2019 The International Year of Indigenous Languages

Images Courtesy of UNESCO

Each year UNESCO dedicates an entire year to an initiative of special significance.  For example in 2017 the initiative for the year was International Year of Light and Light-based Technologies.  This year UNESCO has chosen to spotlight indigenous languages and bring awareness to the dwindling numbers of speakers of the thousands of indigenous languages spoken all over the world.

When we hear the word endangered, it conjures images of animals or plants that are on the brink of extinction, we don’t think about languages.  However, UNESCO reports that, of the 7 thousand languages spoken in the world, 2,680 are indigenous languages in danger of becoming extinct.  According to Jason Oxenham “A dead language is a language that no longer has any native speakers, although it may still be studied by a few or used in certain contexts” (Oxenham 2016).  This leads to a disappearance of indigenous cultures.

Nations like Australia, Ecuador, Estonia, France, Gambia, Saudi Arabia, and Bolivia are lending their support for this initiative, along with other professional organizations in the areas of linguistics and language education.

This year long initiative officially began on January 28, 2019, with a ceremony held at UNESCO’s world headquarters in Paris, France.  Leaders and indigenous peoples gathered from all over the world to discuss the challenges to the continuation of these native languages.

To find out more about the Year of Indigenous Languages please visit https://en.iyil2019.org/

In addition, I encourage you to research indigenous languages in your area.  UNESCO has created a wonderful tool, the Atlas of the World’s Languages in Danger http://www.unesco.org/languages-atlas/.  When searching the region where I live, I discovered that one of our Native American languages, Paiute, is in danger of becoming extinct.  According to UNESCO, there are only 400 speakers of the Northern Paiute language left in the world.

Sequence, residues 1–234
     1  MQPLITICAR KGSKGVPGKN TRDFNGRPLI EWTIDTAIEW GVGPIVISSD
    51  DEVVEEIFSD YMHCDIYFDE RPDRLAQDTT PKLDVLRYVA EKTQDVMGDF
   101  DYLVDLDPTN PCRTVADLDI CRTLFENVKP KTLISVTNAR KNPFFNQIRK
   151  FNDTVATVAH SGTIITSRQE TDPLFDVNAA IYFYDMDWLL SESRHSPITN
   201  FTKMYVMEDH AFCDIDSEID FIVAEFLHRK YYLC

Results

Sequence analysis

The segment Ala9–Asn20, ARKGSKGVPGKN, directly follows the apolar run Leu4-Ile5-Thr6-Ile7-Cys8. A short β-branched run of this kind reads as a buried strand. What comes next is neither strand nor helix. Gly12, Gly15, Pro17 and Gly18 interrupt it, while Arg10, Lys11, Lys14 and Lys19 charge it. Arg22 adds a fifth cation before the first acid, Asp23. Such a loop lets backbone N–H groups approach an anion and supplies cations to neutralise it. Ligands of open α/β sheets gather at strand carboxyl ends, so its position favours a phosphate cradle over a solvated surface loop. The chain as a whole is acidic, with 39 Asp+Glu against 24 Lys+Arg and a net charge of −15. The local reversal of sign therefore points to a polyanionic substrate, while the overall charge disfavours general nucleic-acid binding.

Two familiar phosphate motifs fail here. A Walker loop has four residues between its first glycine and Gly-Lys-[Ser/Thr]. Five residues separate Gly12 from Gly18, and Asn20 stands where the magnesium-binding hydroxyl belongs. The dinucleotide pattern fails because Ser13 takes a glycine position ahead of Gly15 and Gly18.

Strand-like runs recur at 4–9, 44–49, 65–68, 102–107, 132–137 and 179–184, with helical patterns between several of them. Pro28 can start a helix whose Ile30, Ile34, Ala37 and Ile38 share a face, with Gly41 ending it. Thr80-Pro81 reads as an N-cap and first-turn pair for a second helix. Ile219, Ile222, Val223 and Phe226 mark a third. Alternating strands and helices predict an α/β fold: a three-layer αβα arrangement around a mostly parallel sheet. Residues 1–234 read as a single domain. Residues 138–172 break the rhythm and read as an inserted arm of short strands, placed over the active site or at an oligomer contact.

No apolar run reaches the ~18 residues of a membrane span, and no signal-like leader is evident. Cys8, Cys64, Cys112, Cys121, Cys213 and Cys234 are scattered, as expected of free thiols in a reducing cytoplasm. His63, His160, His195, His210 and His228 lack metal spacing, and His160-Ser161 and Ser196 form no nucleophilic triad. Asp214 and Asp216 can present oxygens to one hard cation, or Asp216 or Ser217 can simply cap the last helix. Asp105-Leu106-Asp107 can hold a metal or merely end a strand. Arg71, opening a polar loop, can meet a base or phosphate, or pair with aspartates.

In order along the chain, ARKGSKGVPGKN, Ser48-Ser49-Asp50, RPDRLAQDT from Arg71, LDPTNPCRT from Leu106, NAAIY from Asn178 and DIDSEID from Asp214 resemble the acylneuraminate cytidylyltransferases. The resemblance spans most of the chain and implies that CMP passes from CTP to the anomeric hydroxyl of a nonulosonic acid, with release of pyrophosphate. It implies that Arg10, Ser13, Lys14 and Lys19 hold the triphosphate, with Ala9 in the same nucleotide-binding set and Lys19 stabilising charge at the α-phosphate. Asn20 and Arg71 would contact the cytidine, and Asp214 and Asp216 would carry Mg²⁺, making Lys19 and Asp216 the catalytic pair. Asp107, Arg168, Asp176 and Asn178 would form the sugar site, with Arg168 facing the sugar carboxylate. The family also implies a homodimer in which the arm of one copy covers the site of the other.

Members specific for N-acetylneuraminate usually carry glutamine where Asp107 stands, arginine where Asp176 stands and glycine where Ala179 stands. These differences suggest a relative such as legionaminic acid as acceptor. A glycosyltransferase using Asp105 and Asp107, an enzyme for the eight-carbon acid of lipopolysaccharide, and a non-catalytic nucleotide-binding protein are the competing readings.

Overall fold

References:

Oxenham, J. (2016, April 28) Why you should learn a dead language.  Retrieved from: https://www.rocketlanguages.com/blog/why-you-should-learn-a-dead-language/

Interview with ICA President David Fricker

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From left to right: Pam Lutzker (author of this blog post), ICA President David Fricker, Kate Eminhizer

David Fricker is an energetic individual, with a great sense of humor, who is very enthusiastic about archives.  He is the current President of the ICA, but my colleague, Kate Eminhizer, and I first met him as the Director-General of the National Archives of Australia (NAA) at the FAN Meeting preceding the ALA-ICA 2017 Conference. Director-General David Fricker’s understanding of the fundamentals of data, information, knowledge, records and archiving is breath-taking and his vision of the archival community working together to improve access to records (especially digitally) across boundaries is one of the reasons that he supports FAN. Although Director-General Fricker was very busy (he was also a Key Note Speaker for the Conference) he willingly sat down with us after the Emerging Professionals Luncheon the first day of the ALA-ICA Conference, November 27, 2017.

Director-General Fricker earned his BA in Computing Studies, and began his career in the Australian Customs Services, holding several important positions before leaving to found his own consultancy business. In 2002, he joined the Australian Security Intelligence Organization (ASIO) as CIO and was appointed to the position of Deputy Director-General in 2007. Given this background in computer science, I was curious how he ended up in archives. He explained that it was a natural outgrowth of working with computers and data.  Data leads to information. Information leads to knowledge.  Knowledge comes from organizing and analyzing information and data.